Protein
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  Protein



Protein

    Any of a group of complex organic compounds which contain carbon, hydrogen, oxygen, nitrogen, and usually sulfur, the characteristic element being nitrogen. Proteins, the principal constituents of the protoplasm of all cells, are of high molecular weight and consist essentially of combinations of a-amino acids in peptide linkages. Twenty different amino acids are commonly found in proteins, and each protein has a unique genetically defined amino acid sequence which determines its specific shape and function. Their roles include enzymatic catalysis, transport and storage, coordinated motion, nerve impulse generation and many others.

RELATED TERMS
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Organic
Of or related to a substance that contains carbon atoms linked together by carbon-carbon bonds. All living matter is organic. The original definition of the term organic related to the source of chemical compounds, with organic compounds being those carbon-containing compounds obtained from plant or animal sources, whereas inorganic compounds were obtained from mineral sources. Compounds containing bonds between carbon atoms can now be made in the laboratory and industrially by man.

Hydrogen
Hydrogen. The first chemical element in the periodic table. It has the atomic symbol H, atomic number 1, and atomic weight 1. It exists, under normal conditions, as a colorless, odorless, tasteless, diatomic gas. Hydrogen ions are PROTONS. Besides the common H1 isotope, hydrogen exists as the stable isotope DEUTERIUM and the unstable, radioactive isotope TRITIUM.

Oxygen
A chemical element essential for sustaining life.

Molecular
Refers to the basic building blocks of the genetic material, such as DNA, genes and the other chemicals involved with the functioning of genes.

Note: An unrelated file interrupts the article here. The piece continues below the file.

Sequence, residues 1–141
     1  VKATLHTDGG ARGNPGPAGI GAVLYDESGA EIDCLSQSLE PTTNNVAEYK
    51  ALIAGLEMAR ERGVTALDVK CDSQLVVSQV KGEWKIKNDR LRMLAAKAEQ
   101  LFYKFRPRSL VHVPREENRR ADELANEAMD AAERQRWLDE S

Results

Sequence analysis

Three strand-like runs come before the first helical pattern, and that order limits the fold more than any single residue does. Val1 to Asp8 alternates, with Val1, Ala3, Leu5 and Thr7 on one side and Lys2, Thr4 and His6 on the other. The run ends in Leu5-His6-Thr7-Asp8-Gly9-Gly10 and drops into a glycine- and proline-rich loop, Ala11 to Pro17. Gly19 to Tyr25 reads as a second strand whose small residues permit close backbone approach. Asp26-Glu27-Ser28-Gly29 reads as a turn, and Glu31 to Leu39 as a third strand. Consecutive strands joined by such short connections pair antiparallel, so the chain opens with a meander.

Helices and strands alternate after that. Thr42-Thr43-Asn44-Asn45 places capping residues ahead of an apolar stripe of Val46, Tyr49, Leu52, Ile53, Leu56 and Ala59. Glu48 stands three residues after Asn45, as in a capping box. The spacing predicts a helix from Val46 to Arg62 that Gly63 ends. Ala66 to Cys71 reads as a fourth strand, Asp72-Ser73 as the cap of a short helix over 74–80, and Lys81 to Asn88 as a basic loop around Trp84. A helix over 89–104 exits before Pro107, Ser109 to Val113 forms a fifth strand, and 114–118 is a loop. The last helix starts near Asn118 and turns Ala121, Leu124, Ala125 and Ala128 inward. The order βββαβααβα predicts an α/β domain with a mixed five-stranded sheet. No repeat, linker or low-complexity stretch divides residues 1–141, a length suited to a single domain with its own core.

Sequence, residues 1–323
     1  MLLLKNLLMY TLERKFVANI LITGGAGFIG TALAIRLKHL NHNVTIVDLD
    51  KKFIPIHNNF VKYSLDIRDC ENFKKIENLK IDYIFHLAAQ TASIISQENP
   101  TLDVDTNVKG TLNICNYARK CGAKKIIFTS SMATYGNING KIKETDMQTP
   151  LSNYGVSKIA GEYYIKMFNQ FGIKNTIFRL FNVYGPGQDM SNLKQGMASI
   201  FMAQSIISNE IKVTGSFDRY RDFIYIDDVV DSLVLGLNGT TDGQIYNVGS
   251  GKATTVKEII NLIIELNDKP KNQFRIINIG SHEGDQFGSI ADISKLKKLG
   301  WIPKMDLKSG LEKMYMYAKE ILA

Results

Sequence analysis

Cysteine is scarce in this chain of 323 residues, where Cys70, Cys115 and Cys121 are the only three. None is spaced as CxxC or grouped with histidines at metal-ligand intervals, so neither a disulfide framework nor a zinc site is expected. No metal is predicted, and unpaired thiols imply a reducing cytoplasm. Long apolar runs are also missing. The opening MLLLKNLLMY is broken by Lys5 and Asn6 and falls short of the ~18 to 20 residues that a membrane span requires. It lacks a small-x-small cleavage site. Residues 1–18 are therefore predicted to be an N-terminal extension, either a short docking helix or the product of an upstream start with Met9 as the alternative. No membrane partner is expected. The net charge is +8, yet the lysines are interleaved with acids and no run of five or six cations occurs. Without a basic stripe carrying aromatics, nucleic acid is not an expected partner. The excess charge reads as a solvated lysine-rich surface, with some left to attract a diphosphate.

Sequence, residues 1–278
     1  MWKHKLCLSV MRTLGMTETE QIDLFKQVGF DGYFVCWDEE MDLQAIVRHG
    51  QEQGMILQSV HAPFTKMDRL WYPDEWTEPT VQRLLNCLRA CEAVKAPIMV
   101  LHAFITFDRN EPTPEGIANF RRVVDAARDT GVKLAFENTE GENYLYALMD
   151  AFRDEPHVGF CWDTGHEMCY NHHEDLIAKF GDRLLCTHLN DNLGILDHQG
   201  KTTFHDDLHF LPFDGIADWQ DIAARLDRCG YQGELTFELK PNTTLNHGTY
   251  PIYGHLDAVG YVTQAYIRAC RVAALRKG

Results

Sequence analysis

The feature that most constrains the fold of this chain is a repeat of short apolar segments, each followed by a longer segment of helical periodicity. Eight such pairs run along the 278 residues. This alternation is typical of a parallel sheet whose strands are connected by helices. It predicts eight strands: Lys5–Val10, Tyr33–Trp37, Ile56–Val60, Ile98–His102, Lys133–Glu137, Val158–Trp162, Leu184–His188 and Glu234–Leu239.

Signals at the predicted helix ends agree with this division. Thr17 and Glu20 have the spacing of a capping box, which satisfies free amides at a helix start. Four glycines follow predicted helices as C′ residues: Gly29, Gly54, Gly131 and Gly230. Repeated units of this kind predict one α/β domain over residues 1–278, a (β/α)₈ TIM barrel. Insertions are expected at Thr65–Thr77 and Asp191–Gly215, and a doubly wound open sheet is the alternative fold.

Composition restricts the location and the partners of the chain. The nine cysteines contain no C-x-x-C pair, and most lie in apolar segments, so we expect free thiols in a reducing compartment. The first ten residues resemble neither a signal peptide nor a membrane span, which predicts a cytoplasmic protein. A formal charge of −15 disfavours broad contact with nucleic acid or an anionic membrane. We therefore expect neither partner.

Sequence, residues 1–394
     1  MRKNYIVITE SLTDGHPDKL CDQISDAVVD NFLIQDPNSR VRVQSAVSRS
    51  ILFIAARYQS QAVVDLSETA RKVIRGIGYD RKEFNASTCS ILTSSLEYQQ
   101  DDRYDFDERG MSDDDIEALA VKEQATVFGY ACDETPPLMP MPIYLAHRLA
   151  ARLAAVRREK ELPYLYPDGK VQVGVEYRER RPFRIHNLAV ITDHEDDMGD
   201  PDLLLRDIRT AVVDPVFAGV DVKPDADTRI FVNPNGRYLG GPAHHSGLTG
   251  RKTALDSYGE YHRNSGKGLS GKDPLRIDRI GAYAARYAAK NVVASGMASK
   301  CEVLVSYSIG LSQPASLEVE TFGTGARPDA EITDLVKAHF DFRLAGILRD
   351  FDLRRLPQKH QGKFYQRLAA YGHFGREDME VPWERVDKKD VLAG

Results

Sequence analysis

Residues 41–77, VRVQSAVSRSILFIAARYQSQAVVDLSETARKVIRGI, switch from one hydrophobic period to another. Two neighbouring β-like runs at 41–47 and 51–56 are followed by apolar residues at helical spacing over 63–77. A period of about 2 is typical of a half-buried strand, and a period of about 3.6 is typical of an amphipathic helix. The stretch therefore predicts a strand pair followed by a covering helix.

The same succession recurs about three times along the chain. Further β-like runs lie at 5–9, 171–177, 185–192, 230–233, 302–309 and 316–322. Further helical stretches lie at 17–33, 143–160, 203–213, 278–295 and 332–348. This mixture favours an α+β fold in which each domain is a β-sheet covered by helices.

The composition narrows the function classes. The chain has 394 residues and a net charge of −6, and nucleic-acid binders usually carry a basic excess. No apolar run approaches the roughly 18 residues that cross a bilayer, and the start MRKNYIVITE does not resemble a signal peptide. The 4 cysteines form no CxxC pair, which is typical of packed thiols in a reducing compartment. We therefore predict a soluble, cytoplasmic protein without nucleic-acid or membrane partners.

Peptide
Two or more amino acids linked together.

Protein
Any of a group of complex organic compounds which contain carbon, hydrogen, oxygen, nitrogen, and usually sulfur, the characteristic element being nitrogen. Proteins, the principal constituents of the protoplasm of all cells, are of high molecular weight and consist essentially of combinations of a-amino acids in peptide linkages. Twenty different amino acids are commonly found in proteins, and each protein has a unique genetically defined amino acid sequence which determines its specific shape and function. Their roles include enzymatic catalysis, transport and storage, coordinated motion, nerve impulse generation and many others.

Catalysis
The process by which a substance speeds up a chemical reaction without being consumed or altered in the process. Substances that can accomplish this remarkable feat are termed catalysts and are of immense importance in chemistry and biology.

Nerve
Tissue that conveys sensation, temperature, position information to the brain.



SIMILAR TERMS
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Protamine sulfate
Protamine sulfate is a prescription or over-the-counter drug which is (or once was) approved in the United States and possibly in other countries. Active ingredient(s): protamine sulfate.

Protamine zinc and iletin II
Protamine zinc and iletin II is a prescription or over-the-counter drug which is (or once was) approved in the United States and possibly in other countries. Active ingredient(s): insulin susp protamine zinc purified beef.

Protamine zinc and iletin II pork
Protamine zinc and iletin II pork is a prescription or over-the-counter drug which is (or once was) approved in the United States and possibly in other countries. Active ingredient(s): insulin susp protamine zinc purified pork.

Protamine zinc insulin
Protamine zinc insulin is a prescription or over-the-counter drug which is (or once was) approved in the United States and possibly in other countries. Active ingredient(s): insulin susp protamine zinc purified beef.

Protamine, zinc and iletin I beef-pork
Protamine, zinc and iletin I beef-pork is a prescription or over-the-counter drug which is (or once was) approved in the United States and possibly in other countries. Active ingredient(s): insulin susp protamine zinc beef-pork.

Proteinuria
Protein in the urine.

Proteoglycan
A major constituent of cartilage. Protein molecule with polysaccharide side-chains.